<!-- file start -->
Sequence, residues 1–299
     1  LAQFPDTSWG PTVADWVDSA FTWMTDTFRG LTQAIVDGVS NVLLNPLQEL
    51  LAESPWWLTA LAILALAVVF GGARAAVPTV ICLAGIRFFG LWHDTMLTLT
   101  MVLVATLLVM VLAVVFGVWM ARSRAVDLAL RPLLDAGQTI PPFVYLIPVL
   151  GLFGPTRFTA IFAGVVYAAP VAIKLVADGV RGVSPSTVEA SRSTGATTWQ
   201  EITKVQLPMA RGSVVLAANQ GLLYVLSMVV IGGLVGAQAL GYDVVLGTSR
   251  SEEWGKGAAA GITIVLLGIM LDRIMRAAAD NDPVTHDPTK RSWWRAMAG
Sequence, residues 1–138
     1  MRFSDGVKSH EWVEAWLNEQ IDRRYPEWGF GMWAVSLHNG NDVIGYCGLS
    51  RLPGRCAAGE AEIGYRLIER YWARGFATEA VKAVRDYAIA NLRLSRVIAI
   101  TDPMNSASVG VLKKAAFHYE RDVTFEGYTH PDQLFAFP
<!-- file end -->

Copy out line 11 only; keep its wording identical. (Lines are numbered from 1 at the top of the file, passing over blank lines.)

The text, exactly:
   101  TDPMNSASVG VLKKAAFHYE RDVTFEGYTH PDQLFAFP